City of Alexandria Recognized for New Landscape Guidelines, 2019
The City of Alexandria’s new landscape guidelines were recently recognized with a Communications Merit Award from the Virginia Chapter of the American Society of Landscape Architects, citing “excellence, exemplary performance, or significant achievement in communicating landscape architecture works, techniques, technologies, history, or theory.” Stephanie Free, Urban Planner with the Department of Planning and Zoning, accepted the award on September 20 at the Chapter’s Annual Award Ceremony in Virginia Beach.
The new landscape guidelines, approved in February, emphasize increasing the use of native plants and ensuring biodiversity, with an equally strong emphasis on selecting, planting, and caring for plants for long-term survivability. The guidelines are part of a broader City initiative to ramp up its commitment to address the urgent challenge of climate change with a new, more cutting-edge approach to ensuring that new buildings and landscaped areas are as “green” as possible. The new green building policy adopted by City Council in June set the high expectation that new public buildings will meet “net zero energy” standards and meet higher stormwater requirements than new private development.
For new private development, the City raised the green building standard for residential development from “certified” to “silver,” matching the current requirement for non-residential buildings. Innovative elements of the new policy include targeting reduction of energy and water use, improving indoor air quality, and making it easier for developers to meet the City’s environmental goals using any of the three leading third-party green building systems: LEED, Green Globes, and Earthcraft.
National Capital Area Chapter, American Planning Association Conference, 2019
Jeffrey Farner, Deputy Director Department of Planning and Zoning, and Jose C. Ayala, Urban Planner, Department Planning and Zoning, presented Eisenhower East - The Ecology of a Human-Centric Urban Environment at the NCAC-APA in September. The presentation communicated how the planning process influences the transition from a car-centric area to a more walkable human-centric environment and illustrated how essential urban planning principles were considered in creating an active urban environment.
Virginia Chapter, American Planning Association Conference, 2019
Maya Contreras, Principal Planner, Department of Planning and Zoning, Ken Wire, land use attorney with WireGill, and Erika Gulick, Senior Planner, Alexandria City Public Schools, presented Resilient Building Conversions - Successful Building Conversions in Alexandria at this year's conference. This joint presentation addressed the adaptive reuse of a former office building that was converted to an elementary school. The presentation included discussion on lessons learned and recommended best practices for others going forward.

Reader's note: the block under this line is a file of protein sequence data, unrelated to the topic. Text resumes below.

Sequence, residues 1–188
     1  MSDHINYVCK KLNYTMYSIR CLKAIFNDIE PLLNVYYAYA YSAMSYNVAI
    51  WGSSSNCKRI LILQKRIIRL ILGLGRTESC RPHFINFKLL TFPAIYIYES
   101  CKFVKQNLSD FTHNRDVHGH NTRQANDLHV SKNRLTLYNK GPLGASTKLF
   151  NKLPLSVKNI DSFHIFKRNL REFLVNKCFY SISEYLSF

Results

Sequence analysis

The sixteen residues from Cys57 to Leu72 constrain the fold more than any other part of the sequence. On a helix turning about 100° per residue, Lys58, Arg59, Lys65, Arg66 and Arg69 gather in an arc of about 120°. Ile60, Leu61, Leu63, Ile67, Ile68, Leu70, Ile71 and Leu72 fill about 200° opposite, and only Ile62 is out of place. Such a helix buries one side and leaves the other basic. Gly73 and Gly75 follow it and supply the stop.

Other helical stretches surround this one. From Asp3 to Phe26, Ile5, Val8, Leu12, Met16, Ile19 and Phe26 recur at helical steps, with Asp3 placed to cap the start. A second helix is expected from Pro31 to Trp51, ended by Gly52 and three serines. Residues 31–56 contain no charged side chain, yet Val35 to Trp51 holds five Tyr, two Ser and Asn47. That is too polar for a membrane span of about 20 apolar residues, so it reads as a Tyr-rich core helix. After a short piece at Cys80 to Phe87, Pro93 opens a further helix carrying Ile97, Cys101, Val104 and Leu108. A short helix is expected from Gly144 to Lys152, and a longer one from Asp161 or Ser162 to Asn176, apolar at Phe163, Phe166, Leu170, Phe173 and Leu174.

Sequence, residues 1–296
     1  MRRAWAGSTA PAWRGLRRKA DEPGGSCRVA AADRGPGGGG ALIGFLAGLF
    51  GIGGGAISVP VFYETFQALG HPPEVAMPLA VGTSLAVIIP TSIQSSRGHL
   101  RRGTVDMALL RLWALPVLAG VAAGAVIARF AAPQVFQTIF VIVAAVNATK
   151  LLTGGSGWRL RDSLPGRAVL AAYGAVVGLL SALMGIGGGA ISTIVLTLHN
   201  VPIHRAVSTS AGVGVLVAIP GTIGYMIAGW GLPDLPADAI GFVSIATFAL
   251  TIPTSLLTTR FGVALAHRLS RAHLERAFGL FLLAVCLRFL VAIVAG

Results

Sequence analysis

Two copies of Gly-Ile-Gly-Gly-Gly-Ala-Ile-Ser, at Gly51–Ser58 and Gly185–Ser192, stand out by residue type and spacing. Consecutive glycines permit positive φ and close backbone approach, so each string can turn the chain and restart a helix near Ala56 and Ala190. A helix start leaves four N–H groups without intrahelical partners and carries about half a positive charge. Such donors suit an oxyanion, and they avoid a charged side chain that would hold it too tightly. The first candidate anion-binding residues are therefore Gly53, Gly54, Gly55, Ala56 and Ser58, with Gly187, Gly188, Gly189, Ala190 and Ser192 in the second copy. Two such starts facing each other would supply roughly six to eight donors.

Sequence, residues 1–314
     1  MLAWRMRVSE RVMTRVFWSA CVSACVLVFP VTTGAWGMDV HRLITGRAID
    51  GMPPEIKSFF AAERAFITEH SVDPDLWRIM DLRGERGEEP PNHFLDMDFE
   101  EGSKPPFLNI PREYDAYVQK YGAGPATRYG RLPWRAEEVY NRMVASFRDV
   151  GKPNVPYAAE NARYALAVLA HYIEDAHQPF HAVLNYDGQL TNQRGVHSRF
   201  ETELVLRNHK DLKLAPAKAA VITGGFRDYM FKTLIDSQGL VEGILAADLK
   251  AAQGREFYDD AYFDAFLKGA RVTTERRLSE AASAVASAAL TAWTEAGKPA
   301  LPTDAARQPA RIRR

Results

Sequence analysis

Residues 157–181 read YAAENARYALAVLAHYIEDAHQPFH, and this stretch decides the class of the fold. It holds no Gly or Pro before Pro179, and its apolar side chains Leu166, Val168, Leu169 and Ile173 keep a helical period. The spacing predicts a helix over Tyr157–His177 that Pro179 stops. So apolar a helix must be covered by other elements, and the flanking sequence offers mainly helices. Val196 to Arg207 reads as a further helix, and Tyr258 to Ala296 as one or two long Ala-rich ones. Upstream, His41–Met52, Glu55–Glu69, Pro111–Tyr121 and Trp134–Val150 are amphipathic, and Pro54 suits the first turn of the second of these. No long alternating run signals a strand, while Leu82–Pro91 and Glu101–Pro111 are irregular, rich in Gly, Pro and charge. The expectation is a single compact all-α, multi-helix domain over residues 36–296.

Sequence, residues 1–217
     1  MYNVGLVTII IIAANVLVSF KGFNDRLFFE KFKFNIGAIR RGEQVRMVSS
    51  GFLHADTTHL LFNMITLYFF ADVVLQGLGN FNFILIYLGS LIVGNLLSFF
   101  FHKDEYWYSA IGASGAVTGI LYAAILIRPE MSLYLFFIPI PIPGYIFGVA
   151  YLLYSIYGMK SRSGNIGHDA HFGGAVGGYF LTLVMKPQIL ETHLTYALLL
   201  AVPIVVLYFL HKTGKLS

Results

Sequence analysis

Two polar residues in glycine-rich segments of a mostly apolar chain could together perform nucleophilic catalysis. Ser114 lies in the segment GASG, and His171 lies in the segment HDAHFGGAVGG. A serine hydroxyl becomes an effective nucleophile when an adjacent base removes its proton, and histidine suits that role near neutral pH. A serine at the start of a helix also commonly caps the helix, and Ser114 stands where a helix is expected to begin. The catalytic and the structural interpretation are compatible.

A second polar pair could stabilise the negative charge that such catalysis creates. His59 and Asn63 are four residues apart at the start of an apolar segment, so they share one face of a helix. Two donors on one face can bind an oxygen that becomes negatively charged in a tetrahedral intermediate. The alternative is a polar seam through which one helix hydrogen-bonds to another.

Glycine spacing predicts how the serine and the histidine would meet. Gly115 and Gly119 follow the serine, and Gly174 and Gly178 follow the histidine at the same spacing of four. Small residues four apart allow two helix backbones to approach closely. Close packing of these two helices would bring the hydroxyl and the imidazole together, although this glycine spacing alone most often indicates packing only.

2017 - 2018
National Capital Area Chapter, American Planning Association Conference, 2018
Helen McIlvaine, Director of Housing, Urban Planner Ashley Labadie with the Department of Planning and Zoning, Mike Hawkins, Managing Director of Community Outreach for the Virginia Housing Development Authority (VHDA), and Jim Simmons, Partner at Ares Management LLC, presented Maximizing Affordable Housing Options in Alexandria at the NCAC Conference in October 2018. The presentation focused on local affordable housing issues and strategies to address them through the South Patrick Street Housing Affordability Strategy, adopted in September 2018. With key stakeholders at the table, a proactive approach toward preserving housing affordability in one of Alexandria’s oldest neighborhoods avoids potential permanent displacement of hundreds of low-income city residents.
Through her presentation, Art x Design, Urban Planner Heba El Gawish highlighted how the City of Alexandria, in the context of changing market conditions, is taking innovative approaches toward creating affordable arts spaces - going beyond pure economic rejuvenation by helping promote social equity, economic diversity and successful neighborhoods. The session explored how plans can protect the cultural heritage of a region and how public/private partnerships are helping to support arts and cultural spaces that can in turn be catalysts for economic vitality.
City Receives Economic Development Award for Old Town North Arts and Cultural District, 2018
The Virginia Chapter of the American Planning Association has awarded the City of Alexandria with the 2018 Terry Holzheimer Economic Development Award for the establishment of the Old Town North Arts and Cultural District. The Old Town North Small Area Plan, adopted by City Council in June 2017, prioritizes economic development and placemaking with recommended strategies for a balanced mix of uses, attraction of retail, arts and cultural uses, and creation of affordable housing options across all income levels. In April 2018, City Council approved the establishment of an Arts and Cultural District in Old Town North, one of the Plan’s implementation recommendations. The new Arts and Cultural District Overlay zoning text amendment outlines the incentives for the creation of arts and cultural spaces within the District.
Makeover Montgomery 4, 2018
Heba ElGawish, Urban Planner, with the Department of Planning and Zoning, Austin Flajser, President, Carr Companies and Carolyn Griffin, Producing Artistic Director, MetroStage, presented Art x Design at the 2018 Makeover Montgomery Conference. This session highlighted how the City of Alexandria, in the context of changing market conditions, is taking innovative approaches toward creating affordable arts spaces - going beyond pure economic rejuvenation by helping promote social equity, economic diversity and successful neighborhoods. The session explored the community engagement methods, policy regulations, zoning tools, and partnerships among government agencies, non-profit organizations and private sector developers leading to the creation of the Old Town North Arts and Cultural District.